Depending on where you live, it might be easy to forget that mid March brings with it the first official day of Spring.
If you’ve followed my Planet Driven Planning advice you’re looking to cleanse your space right about now. Given how technology focused our culture has become, I suggest you include your digital space in your spring cleaning efforts. Social media has a big impact on your world, Americans spend an average of 2 hours per day on social media.
Social media is a big echo chamber. The more you engage with a topic the more you see it. This means that you can very intentionally curate your social media feed by using some strategic thinking. I suggest you start by cleaning house.
Step 1 : Minimize the Negativity
Unfollow people who were always posting dramatic or negative things.
On Twitter and Instagram there is a ‘follow back’ mentality, however, just because someone likes what you have to say, doesn’t mean you like what they’re saying.
On Facebook you can ‘unfollow’ without ‘unfriending’ which is often all you need to do to clean up your own house.
For me this included most political/news related things as well as some ‘comedy’ groups. I should say here, I didn’t eliminate people just because they honestly posted about something they were dealing with in life. I eliminated people who use social media as a soapbox, or as a place to perpetually vent, or to stir the political pot etc.
There are apps that will help with this, like Social Fixer. I find power in curating it myself, but this could be a great solution for you! I encourage you to complete the rest of these steps too.
Step 2: Increase the Positivity
This was the really fun part. I searched for pages, groups and people who focus on positive and uplifting things, I’ll share a list at the end of this post of my favorites.
It’s amazing how the breadcrumbs unfold before you as you start following the trails of positive, cool stuff out there. It may take some time to uncover where you can find positivity that is also productive…kittens and puppies make me smile but I don’t need my social media feed to be just that.
Step 3: Consider My Contribution
What do you share and post? Are you someone that others would have to unfollow in going through this same exercise? Are you contributing to the downward spiral?
To ensure the answer was No I made a few commitments:
- Allow my social media posts to accurately represent my life (post about the good and the bad)
- Ensure that my posts always forward a conversation
- Take ownership for my experience and attempt to forward and spread the positive things in the world
Keep in mind, I use social media as a business tool and I’m a personality brand. So your commitments may be different than mine.
Step 4: Maintenance
I schedule time to review my social media weekly. This could be monthly or even every 3-4 months for you.
On Facebook, I rarely accept a Friend Request if we don’t have at least one friend in common. As soon as I accept I immediately add them to the ‘Acquaintances’ List under ‘Friends’. I also immediately look at their feed to decide if I want to Unfollow them or not (the default on Facebook is to Follow a new Friend). I have a few additional lists I maintain that I might also add them to in order to help me remember the context for our connection later.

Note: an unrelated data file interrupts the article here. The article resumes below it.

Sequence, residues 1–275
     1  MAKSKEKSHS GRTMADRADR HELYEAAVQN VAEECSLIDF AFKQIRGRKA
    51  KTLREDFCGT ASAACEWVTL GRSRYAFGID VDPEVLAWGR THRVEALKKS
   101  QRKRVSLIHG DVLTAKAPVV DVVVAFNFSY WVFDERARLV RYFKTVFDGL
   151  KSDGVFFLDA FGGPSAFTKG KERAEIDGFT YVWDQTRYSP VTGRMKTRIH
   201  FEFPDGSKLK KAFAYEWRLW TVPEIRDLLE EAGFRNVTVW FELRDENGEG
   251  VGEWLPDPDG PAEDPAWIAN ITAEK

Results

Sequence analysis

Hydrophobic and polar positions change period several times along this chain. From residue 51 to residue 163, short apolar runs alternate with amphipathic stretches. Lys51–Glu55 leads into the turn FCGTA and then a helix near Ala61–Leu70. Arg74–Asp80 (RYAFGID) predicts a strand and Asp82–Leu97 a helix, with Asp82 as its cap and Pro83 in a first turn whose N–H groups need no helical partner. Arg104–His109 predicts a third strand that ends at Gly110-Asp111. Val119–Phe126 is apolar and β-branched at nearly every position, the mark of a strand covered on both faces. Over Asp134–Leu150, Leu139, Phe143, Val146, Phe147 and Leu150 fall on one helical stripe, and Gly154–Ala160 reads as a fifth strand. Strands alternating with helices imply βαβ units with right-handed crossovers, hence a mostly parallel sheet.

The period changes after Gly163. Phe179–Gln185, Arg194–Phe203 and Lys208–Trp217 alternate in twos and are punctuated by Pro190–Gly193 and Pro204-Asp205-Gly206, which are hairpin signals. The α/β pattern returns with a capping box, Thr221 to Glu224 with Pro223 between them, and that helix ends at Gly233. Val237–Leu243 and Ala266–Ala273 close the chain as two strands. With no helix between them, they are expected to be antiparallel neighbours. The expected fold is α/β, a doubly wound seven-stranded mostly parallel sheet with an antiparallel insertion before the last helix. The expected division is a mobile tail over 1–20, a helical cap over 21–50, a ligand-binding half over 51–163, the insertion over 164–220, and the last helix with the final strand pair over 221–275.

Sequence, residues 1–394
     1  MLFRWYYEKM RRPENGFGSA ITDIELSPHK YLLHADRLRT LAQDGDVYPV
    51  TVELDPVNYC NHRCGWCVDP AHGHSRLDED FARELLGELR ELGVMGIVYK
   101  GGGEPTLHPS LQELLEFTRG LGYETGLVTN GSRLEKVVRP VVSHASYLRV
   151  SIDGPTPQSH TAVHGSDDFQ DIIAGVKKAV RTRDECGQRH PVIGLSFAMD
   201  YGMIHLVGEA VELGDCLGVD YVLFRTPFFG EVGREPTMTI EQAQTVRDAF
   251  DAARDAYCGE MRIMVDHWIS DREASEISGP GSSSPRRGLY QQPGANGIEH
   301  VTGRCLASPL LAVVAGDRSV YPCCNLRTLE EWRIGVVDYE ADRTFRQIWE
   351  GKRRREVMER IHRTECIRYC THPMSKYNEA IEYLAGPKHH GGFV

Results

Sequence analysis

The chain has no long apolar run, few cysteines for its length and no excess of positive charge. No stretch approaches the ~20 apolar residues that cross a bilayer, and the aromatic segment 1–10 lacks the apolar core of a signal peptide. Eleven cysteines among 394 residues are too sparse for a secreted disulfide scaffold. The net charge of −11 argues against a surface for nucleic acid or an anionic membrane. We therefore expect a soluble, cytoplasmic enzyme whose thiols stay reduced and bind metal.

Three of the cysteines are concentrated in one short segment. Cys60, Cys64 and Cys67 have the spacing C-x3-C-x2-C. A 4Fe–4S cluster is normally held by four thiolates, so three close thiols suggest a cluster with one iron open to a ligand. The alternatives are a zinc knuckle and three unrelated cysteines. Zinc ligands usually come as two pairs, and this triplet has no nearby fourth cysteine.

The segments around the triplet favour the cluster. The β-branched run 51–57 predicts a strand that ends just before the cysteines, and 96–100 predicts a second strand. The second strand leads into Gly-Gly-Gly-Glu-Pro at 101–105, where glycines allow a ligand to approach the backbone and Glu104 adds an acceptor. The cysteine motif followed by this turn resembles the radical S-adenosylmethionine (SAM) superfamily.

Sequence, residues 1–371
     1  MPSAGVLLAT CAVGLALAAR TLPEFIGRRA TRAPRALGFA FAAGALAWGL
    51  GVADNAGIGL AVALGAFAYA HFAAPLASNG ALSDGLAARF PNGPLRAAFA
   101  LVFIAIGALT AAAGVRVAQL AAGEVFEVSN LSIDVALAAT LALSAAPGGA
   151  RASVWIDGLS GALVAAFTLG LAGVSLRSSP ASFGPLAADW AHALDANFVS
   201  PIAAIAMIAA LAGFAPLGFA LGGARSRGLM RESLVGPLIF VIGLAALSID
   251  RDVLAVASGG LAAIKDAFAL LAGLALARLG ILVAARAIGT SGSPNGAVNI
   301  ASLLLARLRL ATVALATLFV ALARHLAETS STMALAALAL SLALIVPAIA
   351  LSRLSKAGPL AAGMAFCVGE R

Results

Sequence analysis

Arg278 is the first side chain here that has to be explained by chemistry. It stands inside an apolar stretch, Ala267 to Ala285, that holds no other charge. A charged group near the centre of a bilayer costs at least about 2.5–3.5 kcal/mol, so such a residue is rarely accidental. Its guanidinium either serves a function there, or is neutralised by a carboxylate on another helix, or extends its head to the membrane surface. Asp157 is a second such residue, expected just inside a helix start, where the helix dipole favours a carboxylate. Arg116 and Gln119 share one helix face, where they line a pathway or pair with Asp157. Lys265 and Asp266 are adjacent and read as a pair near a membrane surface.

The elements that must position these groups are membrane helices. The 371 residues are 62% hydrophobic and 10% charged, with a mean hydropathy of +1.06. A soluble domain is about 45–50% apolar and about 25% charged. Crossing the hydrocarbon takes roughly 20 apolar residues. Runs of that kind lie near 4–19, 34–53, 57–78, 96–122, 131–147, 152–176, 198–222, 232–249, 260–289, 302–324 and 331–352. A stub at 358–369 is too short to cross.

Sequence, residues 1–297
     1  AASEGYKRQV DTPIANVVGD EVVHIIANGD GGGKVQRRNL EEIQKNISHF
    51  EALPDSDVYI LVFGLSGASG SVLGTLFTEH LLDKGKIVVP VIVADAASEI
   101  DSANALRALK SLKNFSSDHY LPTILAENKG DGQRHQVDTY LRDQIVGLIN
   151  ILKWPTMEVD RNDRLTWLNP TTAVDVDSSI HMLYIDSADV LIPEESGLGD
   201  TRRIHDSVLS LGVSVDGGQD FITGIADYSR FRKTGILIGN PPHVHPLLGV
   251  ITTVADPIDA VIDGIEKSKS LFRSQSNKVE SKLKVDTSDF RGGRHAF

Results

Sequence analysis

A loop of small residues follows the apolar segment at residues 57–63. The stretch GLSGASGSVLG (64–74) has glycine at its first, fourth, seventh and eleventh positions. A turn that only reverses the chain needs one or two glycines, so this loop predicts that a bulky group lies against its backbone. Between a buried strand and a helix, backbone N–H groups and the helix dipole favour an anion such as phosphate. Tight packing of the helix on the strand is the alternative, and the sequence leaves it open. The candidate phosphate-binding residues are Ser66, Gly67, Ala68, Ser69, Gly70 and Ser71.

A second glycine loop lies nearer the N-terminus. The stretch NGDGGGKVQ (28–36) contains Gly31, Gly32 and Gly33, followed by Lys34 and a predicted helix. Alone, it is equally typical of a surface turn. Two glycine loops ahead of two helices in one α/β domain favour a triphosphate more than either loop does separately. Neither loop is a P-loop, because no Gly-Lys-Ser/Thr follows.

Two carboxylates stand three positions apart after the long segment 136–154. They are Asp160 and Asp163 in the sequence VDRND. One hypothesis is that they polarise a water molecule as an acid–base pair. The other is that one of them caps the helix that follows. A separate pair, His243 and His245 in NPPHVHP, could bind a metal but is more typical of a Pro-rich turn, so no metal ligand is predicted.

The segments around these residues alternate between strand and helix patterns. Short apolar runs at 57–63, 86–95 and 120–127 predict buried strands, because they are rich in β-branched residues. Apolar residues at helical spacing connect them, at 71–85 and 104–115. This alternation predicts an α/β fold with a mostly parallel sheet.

On Twitter and Instagram I look at who has followed me and decide if I want to ‘follow back’ or engage them. As for LinkedIn, I only accept people I know or who I have 3+ connections in common with.
The last thing I do across the board is send them the following message:
Hello there! Thanks for connecting with me! Let’s avoid the click and forget ‘friendship’. Here’s a short video I made to help us get to know each other. I can’t wait to hear back from you about *your* passion!
Once a week I (or my VA) look through my sent messages and anyone who hasn’t responded to my welcome note get’s a follow up and eventually removed if they don’t reply, because I only want to connect with people who genuinely want to connect.
I also take time every year to go through all of my connections and comment on something recent. If I can’t find anything I want to comment on, I consider unfriending/unfollowing them.
I won’t lie and say this was a super fast task to achieve. It took several hours over the course of a few weeks to accomplish. And it was totally worth it.
Now my feeds make me happy, constantly inspires, educate and mine are truly ways for people to have a window into my real life.
Here’s the thing, you can curate your experience of life just like social media. As I worked on my social media I also looked at my life and did some clean up there. I stopped hanging out with some negative people, I changed the music I listened to, and in my case I eventually switched jobs, leaving the corporate world. I know it may sound extreme, but these things really were kick-started by me setting some boundaries around social media.
If there are influences in your life or your business that aren’t serving you, remove them. If you have a vendor that isn’t delivering what they committed to, talk to them. If you have a friend who is consistently draining you, talk to them.
It’s easy to become passive about life and our experiences in it, don’t forget you control your world. It’s possible that social media is the best place to start, it was for me.
If you’d like to follow me on social media here’s how:
Here are some of my favorite uplifting groups to follow on social media:
- Dear Nice People
- Good Life Project
- Choice Driven Life